Testing the Aggregates
The Guide Specification provides for a combination of three separate laboratory tests to assess the susceptibility of an aggregate to ASR. The tests may be done in any order; however, petrographic examination (ASTM C295) and the mortar-bar test (ASTM C1260) would generally be performed simultaneously, while the concrete prism test (ASTM C1293) is performed later, if needed.

The aggregate is examined petrographically to identify and quantify the constituents, with maximum limits set for the various minerals that are potentially reactive. In the mortar-bar test, a 14-day expansion exceeding 0.10% indicates that the aggregate is potentially reactive. If either of these tests indicates the aggregate is potentially reactive, it may be further evaluated by the concrete prism test, with a one-year expansion limit of 0.04%.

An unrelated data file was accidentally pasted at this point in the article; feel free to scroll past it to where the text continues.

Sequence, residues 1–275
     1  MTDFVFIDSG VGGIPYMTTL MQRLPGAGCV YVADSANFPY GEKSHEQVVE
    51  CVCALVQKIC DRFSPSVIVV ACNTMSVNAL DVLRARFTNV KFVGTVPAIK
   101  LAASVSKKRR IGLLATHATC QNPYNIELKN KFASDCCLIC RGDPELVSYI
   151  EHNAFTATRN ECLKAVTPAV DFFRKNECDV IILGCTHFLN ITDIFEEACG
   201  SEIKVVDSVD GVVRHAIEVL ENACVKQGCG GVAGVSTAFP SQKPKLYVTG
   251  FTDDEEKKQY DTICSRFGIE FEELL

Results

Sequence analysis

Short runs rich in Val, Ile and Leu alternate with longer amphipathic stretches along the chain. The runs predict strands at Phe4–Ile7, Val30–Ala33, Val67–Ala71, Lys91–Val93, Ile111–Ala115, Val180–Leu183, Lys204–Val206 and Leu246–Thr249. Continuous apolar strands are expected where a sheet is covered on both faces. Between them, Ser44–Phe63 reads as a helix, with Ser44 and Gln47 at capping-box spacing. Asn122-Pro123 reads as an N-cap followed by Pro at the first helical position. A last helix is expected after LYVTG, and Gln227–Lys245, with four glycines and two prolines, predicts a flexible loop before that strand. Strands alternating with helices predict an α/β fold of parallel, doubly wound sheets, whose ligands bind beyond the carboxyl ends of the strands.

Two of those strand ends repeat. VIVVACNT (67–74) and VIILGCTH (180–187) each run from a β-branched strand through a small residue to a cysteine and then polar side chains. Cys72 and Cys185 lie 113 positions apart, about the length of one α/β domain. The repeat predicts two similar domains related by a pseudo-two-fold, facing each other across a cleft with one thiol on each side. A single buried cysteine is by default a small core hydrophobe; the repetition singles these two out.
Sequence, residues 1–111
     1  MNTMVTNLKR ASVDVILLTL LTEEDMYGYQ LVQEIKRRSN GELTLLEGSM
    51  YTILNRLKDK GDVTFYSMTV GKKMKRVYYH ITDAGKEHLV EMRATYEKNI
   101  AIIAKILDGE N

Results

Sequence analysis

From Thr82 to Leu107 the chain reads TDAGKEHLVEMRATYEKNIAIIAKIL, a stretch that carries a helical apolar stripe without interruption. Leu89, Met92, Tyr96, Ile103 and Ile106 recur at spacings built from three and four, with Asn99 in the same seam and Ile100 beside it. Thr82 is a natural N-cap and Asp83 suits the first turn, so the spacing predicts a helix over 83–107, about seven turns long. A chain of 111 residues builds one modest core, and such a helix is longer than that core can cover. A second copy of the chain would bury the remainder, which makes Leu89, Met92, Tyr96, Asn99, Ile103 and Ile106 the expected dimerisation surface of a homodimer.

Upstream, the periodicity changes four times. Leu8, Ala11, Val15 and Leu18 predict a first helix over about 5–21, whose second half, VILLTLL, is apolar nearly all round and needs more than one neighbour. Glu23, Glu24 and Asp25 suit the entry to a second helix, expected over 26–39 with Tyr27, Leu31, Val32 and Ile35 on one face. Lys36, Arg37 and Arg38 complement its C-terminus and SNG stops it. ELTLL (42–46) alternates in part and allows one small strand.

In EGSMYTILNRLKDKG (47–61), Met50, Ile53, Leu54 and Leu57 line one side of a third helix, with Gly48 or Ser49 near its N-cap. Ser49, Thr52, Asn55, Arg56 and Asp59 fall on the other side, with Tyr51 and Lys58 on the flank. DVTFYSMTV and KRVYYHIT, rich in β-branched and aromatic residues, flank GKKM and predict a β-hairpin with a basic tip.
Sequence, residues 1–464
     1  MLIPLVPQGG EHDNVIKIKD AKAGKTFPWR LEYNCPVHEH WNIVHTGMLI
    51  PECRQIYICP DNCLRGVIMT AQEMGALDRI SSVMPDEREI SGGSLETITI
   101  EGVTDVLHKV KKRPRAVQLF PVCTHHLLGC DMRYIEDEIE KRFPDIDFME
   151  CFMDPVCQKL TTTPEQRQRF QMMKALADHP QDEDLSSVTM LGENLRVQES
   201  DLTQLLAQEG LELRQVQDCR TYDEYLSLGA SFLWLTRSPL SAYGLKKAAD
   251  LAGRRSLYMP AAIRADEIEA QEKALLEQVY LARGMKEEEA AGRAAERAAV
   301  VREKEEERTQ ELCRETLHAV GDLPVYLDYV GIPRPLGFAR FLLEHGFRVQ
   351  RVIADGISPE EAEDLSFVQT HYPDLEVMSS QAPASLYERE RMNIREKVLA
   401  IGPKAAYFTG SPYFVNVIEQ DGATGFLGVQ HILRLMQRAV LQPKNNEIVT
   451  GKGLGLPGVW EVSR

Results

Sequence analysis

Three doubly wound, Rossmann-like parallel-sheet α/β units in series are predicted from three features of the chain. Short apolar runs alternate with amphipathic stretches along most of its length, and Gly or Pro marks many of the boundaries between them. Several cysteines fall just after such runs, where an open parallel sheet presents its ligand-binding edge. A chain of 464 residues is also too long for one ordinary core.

Materials and Methods to Inhibit ASR
Most concrete is not affected by ASR and special requirements are not needed. However, if historical experience or the aggregate tests mentioned above demonstrate that ASR is a potential concern, then concrete mixtures must be specifically designed to mitigate ASR.

A variety of materials can be used to control ASR. Supplementary cementitious materials (SCMs) such as fly ash, slag cement, or silica fume can be included as a concrete ingredient added at batching, as a component of a blended hydraulic cement, or both. Blended hydraulic cements should conform to ASTM C595 (AASHTO M 240) or ASTM C1157. SCMs added directly to concrete are governed by ASTM C618 or AASHTO M 295 for fly ash and natural pozzolans; ASTM C989 or AASHTO M 302 for slag cement; and ASTM C1240 or AASHTO M 307 for silica fume. Specifiers can invoke the optional physical and chemical ASR requirements in these standards; however limits on expansion are typically not applicable for a particular project as the tests do not use job aggregates, and the limits may be more restrictive than are necessary or achievable. Using locally available materials in appropriate amounts is generally the most efficient solution to mitigate ASR.